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Every athlete knows it all comes down to the finish. It’s the same with sewing – just not as sweaty. A smooth, beautiful hem makes everything look better and more professional. The simplest of hems is the double-turn hem, which you can use on almost any edge where you want an easy, clean finish.

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Every athlete knows it all comes down to the finish. It’s the same with sewing – just not as sweaty. A smooth, beautiful hem makes everything look better and more professional. The simplest of hems is the double-turn hem, which you can use on almost any edge where you want an easy, clean finish.

Double-Turn Hemming

The first thing to do is determine how big a hem you need to get the finished length you want.

Most people prefer to err on the side of narrow over wide so there’s less bulk to the folded fabric and the hem will lay nice and flat. In fact, it’s often better to trim your fabric just a bit rather than make a giant hem.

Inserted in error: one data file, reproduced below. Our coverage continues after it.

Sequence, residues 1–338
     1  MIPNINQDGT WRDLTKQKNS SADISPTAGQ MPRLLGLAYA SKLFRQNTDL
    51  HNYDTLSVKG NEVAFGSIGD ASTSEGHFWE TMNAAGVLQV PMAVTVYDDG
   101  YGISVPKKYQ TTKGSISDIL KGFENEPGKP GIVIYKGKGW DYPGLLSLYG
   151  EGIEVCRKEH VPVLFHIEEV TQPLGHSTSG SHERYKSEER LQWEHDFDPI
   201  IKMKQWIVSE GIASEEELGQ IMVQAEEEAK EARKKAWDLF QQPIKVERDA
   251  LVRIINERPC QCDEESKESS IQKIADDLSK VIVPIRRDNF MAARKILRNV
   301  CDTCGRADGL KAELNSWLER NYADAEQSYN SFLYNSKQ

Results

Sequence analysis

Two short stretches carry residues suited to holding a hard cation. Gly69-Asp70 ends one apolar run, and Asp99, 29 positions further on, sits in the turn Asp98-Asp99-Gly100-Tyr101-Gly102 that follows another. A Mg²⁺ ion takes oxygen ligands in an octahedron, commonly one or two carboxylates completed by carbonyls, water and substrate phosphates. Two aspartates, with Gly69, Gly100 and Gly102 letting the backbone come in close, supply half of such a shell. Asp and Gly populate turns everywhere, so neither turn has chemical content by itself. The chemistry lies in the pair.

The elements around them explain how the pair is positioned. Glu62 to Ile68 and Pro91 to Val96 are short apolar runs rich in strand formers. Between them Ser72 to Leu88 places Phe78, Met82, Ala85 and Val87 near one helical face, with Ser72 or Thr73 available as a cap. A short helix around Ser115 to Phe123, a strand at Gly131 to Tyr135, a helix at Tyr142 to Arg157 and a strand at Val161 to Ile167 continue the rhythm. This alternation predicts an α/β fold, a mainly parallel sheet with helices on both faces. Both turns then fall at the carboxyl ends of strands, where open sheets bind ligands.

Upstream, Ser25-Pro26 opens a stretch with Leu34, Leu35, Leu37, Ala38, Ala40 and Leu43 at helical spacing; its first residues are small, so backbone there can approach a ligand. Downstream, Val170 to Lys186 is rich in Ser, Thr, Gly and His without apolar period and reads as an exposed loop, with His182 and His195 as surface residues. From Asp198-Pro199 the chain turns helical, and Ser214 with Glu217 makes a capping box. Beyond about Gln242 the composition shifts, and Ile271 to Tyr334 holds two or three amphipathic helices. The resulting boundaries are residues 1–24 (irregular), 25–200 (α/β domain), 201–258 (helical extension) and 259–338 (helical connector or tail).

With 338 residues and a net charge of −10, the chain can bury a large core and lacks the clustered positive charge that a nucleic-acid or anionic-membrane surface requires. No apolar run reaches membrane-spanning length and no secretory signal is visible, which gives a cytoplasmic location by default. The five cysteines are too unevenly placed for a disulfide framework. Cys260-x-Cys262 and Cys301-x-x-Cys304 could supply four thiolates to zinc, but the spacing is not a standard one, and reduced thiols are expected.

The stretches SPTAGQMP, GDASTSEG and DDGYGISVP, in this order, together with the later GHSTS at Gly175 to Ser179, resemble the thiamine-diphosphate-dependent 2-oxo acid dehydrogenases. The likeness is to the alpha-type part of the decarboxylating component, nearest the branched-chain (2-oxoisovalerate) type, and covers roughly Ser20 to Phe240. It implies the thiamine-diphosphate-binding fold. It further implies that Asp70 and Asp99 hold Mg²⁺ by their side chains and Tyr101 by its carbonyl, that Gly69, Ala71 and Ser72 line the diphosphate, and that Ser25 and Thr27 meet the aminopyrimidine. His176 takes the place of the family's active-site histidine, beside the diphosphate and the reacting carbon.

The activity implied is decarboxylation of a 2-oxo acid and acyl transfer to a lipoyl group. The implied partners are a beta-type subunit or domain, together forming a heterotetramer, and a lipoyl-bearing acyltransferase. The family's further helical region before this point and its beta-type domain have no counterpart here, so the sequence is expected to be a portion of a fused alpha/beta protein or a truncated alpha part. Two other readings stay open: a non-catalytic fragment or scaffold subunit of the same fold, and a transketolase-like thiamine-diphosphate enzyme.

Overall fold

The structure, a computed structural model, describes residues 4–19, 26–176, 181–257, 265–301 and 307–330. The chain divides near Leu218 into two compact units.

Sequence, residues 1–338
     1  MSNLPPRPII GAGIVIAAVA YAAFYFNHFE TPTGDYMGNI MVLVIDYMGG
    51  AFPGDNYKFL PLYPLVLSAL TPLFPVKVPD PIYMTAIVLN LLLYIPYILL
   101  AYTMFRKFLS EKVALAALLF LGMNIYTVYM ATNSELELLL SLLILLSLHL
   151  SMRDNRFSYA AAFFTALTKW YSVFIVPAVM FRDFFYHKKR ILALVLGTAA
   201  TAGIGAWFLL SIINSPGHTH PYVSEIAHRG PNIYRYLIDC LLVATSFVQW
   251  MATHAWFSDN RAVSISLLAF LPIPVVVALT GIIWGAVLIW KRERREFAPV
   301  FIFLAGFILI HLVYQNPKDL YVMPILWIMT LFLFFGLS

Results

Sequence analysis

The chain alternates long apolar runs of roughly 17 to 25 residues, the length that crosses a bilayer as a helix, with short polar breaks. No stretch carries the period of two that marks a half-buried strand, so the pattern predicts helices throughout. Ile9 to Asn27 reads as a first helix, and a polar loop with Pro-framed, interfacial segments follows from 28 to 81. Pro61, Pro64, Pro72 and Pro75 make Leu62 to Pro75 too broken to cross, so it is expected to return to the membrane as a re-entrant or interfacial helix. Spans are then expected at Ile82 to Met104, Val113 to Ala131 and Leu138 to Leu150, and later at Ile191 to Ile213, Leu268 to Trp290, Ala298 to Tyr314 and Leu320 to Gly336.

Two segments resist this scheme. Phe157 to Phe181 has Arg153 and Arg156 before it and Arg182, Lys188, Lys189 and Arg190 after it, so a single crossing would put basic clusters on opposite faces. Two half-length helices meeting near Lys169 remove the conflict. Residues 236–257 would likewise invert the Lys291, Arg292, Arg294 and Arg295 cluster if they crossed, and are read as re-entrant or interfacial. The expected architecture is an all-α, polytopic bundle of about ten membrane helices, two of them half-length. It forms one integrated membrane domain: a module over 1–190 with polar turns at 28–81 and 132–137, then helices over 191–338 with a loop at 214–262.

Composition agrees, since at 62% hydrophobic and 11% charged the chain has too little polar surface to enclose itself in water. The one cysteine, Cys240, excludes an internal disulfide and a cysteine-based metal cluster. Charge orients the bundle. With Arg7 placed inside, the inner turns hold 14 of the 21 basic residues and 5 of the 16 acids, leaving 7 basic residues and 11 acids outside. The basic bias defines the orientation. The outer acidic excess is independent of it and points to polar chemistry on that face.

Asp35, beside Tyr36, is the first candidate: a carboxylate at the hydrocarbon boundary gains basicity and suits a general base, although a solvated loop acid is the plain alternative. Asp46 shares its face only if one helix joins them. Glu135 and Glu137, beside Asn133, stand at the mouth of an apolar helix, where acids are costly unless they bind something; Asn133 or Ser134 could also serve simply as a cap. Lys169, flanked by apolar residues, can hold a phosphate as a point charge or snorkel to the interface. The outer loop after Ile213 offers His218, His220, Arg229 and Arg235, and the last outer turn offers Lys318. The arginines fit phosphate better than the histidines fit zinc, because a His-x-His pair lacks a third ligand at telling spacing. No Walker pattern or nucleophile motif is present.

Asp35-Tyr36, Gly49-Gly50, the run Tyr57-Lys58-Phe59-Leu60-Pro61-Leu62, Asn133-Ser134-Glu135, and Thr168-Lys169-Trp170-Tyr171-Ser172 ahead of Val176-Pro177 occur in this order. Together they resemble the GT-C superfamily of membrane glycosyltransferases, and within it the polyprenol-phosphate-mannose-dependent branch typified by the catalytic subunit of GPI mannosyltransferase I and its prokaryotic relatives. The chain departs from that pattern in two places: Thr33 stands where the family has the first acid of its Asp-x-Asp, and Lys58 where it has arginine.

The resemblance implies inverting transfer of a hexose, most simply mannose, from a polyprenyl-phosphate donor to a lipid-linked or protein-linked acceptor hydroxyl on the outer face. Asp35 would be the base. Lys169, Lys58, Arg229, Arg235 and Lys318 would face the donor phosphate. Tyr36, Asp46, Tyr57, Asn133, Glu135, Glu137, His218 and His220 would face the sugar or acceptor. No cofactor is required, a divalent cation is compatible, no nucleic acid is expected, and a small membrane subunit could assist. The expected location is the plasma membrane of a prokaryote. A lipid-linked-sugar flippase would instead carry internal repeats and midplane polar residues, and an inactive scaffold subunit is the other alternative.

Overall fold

Large

Let’s say you have 2″ to work with for the bottom of a curtain. First, fold in your raw edge ¾” and press. Then, make another fold 1¼”. Your first fold rolls inside the second and you end up with a nice folded edge on both the top and bottom. Press this double fold and stitch down, sewing close to the fold in the fabric.

Medium

Perhaps you’d like a narrower option for the edge of a pillow back opening or the bottom of a table cloth. In this case fold under ½” and press. Then fold under an additional 1½” and press. As above, stitch the hem down, sewing close to the fold in the fabric.

Diagram

Small

Sometimes, you need a tiny hem for something like a napkin edge. In this case, your double-turn should be just ¼” to start and then a second ¼” to finish. This is also called a “rolled hem” and on many machines you have a presser foot called, unusually enough, a Rolled Hem foot to help you do the job. This specialty foot comes standard on many machines, like the Janome models we recommend at Sew4Home, or you can purchase it separately.

Diagram

Blind Hemming

Blind hemming is exactly what you think it is: a hem with stitches you barely notice. This a the perfect option when you’d rather not have the “top-stitching” look of the double-turn hems described above. It is a much more elegant solution.

To learn how, read our article How to Make a Blind Hem Stitch.

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